Nano Virus In Human
When something as potentially deadly as the bird flu shows up on the health scene, it is cause for concern for many people. No one wants to get sick, let alone with a virus that is potentially fatal. The biggest concern is how they could catch it from an infected person.
There are several reasons why people are concerned with the bird flu. The bird flu has been known to cause very serious illness and even death in humans â€" with about a 50% mortality rate. The concern is that it could recombine with a regular flu bug to create a new version of the bird flu that is capable of being spread from person to person. If it were to do so, there is no known vaccine or medication that would stop it, and the death toll could be in the millions. Even in birds, the bird flu is very severe, spreading rapidly and causing epidemics and mass deaths of infected birds. This is particularly a concern for those who work in the poultry industry, as it could mean the loss of much needed revenue.
At the moment, though, bird flu can only be transmitted to human via infected birds. The person has to come in contact either with the infected bird itself, or through handling contaminated surfaces. The people most at risk are those who work in the poultry industry and come in direct contact with the animals, or where they can inhale particles of dried discharges and feces that are contaminated with the virus. This includes positions such as slaughtering, removing feathers, butchering and other preparation of infected birds for consumption. In some instance, infection has been linked to exposure to feces from infected birds, free ranging domestic or wild, in school yards and bodies of water. However, while the disease spreads easily from one bird to another, it is slow to spread to the human population â€" despite tens of millions of domestic poultry birds becoming infected, there are fewer than 200 documented human cases with laboratory confirmation.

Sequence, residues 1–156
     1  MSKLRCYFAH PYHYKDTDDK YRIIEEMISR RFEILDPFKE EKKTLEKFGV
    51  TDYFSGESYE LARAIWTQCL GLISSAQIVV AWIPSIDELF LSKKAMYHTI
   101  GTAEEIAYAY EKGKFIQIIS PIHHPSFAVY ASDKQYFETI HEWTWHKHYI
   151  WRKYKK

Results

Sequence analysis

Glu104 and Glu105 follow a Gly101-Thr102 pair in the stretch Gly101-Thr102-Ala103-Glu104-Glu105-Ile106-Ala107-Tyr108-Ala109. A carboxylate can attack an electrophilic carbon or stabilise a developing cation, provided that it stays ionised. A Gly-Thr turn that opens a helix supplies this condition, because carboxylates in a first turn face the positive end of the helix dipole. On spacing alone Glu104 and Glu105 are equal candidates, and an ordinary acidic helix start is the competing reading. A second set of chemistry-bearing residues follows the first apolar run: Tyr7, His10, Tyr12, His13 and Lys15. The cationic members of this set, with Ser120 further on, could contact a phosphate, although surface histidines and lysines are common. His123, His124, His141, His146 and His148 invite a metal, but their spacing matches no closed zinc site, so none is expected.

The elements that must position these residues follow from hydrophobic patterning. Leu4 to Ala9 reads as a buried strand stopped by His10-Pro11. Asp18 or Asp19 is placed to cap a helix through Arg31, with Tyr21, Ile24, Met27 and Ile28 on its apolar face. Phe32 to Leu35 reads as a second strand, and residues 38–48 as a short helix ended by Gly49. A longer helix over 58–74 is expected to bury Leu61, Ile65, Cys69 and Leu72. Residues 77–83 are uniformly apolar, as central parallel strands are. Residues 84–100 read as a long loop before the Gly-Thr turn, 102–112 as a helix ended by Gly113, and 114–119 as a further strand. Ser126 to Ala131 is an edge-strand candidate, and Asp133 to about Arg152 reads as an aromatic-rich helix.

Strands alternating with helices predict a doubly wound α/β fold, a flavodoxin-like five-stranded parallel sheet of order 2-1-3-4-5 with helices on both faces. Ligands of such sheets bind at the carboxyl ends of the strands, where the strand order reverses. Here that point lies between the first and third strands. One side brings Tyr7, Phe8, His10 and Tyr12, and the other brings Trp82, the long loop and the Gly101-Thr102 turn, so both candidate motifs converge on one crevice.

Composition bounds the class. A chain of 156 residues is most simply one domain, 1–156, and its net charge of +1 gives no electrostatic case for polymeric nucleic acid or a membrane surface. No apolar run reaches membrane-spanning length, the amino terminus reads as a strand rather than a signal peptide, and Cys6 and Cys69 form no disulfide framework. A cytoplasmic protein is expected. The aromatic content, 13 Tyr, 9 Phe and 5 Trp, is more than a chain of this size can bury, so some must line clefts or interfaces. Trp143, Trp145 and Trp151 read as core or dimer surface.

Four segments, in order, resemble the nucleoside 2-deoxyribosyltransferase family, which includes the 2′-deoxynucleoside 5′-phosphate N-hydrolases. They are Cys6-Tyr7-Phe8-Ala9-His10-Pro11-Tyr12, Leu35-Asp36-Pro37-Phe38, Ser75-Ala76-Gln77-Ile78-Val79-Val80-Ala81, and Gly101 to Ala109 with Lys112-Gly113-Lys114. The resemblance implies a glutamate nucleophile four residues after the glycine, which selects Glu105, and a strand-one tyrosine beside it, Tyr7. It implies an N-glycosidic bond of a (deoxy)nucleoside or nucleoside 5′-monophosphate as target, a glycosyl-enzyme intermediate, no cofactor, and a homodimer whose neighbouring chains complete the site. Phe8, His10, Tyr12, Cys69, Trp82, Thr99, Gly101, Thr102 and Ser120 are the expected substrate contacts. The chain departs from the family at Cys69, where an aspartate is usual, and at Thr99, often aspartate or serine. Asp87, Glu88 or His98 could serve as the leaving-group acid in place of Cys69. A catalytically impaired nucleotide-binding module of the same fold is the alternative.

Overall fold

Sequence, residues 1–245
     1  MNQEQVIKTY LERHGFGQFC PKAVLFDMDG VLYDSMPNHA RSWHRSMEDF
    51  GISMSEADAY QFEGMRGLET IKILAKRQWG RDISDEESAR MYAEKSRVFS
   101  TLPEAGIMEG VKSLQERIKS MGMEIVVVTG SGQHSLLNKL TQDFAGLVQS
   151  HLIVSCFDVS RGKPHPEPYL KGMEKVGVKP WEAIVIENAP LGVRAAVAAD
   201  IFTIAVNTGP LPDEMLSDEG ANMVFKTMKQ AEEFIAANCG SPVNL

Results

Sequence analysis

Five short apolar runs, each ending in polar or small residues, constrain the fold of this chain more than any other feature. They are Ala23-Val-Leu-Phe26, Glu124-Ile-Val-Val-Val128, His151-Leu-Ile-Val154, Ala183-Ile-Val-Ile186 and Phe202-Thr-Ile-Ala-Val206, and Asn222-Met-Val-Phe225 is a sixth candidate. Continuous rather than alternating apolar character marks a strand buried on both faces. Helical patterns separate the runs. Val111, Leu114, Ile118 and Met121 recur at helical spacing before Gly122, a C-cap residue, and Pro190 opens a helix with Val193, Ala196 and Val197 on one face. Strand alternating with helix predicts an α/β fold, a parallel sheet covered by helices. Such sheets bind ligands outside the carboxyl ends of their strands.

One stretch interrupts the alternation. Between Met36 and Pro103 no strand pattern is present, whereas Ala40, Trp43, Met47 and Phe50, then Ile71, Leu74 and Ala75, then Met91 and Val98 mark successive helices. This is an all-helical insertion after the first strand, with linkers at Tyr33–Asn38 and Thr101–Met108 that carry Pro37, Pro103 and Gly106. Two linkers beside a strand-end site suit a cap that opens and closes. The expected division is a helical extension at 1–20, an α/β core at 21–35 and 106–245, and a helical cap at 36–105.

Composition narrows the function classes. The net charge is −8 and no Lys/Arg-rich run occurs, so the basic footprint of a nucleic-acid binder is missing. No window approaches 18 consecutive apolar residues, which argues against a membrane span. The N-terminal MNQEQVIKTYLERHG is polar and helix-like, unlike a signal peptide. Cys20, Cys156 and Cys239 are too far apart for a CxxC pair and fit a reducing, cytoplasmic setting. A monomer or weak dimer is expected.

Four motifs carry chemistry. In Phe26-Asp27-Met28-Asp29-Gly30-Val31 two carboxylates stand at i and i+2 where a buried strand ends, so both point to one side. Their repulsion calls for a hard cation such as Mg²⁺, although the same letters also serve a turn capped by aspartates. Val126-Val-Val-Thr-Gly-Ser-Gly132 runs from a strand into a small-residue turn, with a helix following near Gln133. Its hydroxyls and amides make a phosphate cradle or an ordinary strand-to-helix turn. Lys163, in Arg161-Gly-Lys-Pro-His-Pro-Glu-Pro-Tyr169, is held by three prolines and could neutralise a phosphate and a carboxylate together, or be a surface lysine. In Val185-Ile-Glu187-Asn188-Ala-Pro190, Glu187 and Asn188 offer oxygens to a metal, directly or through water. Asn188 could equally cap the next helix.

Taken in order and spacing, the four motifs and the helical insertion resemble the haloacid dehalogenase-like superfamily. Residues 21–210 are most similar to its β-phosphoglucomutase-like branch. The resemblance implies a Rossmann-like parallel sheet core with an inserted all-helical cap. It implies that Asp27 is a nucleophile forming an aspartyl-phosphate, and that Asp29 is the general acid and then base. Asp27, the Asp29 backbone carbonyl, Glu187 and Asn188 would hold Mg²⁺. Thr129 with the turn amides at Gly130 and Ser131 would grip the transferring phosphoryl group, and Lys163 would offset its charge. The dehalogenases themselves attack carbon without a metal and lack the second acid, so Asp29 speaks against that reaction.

The biggest fear of scientists and health professionals is that the bird flu virus will eventually make the leap to human to human transmission, similar to what the SARS virus did. This could occur gradually over time, where each new strain of the virus is gradually stronger and more transmittable. Or it could be a single event, where a person or an animal that has a regular flu virus comes down with the bird flu virus and the two merge and mutate. Should this occur a fast moving pandemic is a possibility. This could have dire consequences on the economy of the areas that it infects, as the potential numbers of ill persons could overwhelm local hospitals and shut down business and commerce.
Following basic health practices will help to protect you should a pandemic situation occur. Wash your hands frequently with soap and water, particularly before you eat and after close contact with strangers or animals. If soap and water are not readily available, consider carrying a bottle of waterless, alcohol-based hand sanitizer for in between washings. Cover your nose and mouth whenever you need to cough or sneeze. Avoid crowds as much as possible, particularly those in close confines such as a plane or subway. Get all illnesses looked at by a doctor, and if you are sick, do everyone else the courtesy of staying home. Follow all vaccination schedules as recommended by your local health department.
An ounce of prevention is worth a pound of cure, so taking precautions now will help to ensure that the bird flu never makes the jump to person to person transmit ion, and if it does, to limit the spread as much as possible.